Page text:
Wolfram (tungsten) filament high-intensity incandescent lamp
containing iodine in a quartz envelope.
Used primarily as a source of visible
In halogen lamps, the quartz envelope is closer to the filament than the glass used
in conventional light bulbs. Heating the filament to a high temperature causes the tungsten
(wolfram) atoms to evaporate and combine with the halogen gas. These heavier molecules are then
deposited back on the filament surface. This recycling process increases the life of the tungsten
(wolfram) filament and enables the lamp to produce more light per unit of input energy. Consequently,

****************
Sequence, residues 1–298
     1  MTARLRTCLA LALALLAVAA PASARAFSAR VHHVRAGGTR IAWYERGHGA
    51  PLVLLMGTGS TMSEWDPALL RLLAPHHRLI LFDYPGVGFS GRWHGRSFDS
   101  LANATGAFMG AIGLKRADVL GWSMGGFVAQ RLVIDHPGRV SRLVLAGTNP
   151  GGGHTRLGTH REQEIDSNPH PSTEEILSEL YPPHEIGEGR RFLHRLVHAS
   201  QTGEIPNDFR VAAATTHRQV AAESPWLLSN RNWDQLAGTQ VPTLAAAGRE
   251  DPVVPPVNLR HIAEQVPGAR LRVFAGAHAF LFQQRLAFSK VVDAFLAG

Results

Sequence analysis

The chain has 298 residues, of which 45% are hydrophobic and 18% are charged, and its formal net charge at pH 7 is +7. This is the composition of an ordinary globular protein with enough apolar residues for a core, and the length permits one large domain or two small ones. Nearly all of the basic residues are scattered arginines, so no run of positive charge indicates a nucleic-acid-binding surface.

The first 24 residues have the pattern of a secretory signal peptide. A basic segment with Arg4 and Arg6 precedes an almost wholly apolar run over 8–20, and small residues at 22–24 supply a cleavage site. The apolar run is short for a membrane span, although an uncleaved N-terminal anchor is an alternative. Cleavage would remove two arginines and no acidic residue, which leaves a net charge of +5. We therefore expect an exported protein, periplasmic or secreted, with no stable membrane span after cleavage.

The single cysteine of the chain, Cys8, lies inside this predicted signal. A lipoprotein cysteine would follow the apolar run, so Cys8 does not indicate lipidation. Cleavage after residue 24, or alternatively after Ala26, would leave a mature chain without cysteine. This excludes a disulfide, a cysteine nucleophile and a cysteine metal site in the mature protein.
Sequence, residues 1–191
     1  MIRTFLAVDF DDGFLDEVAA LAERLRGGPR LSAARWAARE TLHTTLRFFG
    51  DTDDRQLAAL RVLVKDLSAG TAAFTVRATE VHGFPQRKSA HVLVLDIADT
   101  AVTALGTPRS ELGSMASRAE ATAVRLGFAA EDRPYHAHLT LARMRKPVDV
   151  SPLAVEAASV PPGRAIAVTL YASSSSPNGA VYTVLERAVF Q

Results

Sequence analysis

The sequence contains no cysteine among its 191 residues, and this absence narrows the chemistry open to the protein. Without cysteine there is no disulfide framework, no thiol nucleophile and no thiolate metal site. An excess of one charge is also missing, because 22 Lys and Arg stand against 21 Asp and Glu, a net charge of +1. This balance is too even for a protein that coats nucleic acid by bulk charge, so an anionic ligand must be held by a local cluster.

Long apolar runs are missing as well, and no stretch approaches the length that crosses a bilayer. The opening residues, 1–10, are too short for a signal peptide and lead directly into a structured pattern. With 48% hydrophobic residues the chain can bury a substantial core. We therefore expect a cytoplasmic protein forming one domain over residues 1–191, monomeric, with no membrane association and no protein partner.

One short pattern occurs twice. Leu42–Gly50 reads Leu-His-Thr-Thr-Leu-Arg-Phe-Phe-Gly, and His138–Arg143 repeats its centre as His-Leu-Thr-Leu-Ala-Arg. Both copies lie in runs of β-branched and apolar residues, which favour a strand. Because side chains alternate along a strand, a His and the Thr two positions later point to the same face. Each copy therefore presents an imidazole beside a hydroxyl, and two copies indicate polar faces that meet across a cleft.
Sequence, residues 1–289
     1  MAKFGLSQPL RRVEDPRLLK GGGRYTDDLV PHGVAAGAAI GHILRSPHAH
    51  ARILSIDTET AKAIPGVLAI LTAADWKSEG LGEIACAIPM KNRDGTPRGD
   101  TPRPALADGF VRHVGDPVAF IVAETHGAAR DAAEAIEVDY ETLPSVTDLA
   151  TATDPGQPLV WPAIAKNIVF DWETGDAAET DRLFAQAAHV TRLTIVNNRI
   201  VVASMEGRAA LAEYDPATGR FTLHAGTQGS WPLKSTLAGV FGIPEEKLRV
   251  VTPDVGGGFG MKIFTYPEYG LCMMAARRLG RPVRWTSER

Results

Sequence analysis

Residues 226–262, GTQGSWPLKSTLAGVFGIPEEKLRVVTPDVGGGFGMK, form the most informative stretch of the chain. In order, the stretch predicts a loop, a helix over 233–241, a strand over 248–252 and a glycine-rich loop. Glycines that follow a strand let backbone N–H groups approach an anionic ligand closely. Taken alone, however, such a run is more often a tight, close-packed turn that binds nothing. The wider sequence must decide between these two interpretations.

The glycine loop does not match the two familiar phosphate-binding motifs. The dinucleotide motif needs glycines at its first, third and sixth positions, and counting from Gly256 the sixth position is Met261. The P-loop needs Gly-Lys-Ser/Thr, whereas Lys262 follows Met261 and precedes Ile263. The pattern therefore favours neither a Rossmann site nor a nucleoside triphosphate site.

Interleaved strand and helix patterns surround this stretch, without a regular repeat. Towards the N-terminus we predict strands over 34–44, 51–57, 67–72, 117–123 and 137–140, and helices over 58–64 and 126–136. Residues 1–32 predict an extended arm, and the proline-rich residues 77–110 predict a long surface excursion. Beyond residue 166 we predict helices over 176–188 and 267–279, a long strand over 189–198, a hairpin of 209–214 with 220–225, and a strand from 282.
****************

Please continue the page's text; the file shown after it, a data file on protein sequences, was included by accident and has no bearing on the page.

halogen lamps are used in a variety of applications, including automobile headlights.
Halogens other than iodine may be used in these lamps.
PAC, 2007, 79, 293
(Glossary of terms used in photochemistry, 3rd edition (IUPAC Recommendations 2006))
on page 407
IUPAC. Compendium of Chemical Terminology, 2nd ed. (the "Gold Book"). Compiled by A. D. McNaught and A. Wilkinson. Blackwell Scientific Publications, Oxford (1997). XML on-line corrected version: http://goldbook.iupac.org (2006-) created by M. Nic, J. Jirat, B. Kosata; updates compiled by A. Jenkins. ISBN 0-9678550-9-8. doi:10.1351/goldbook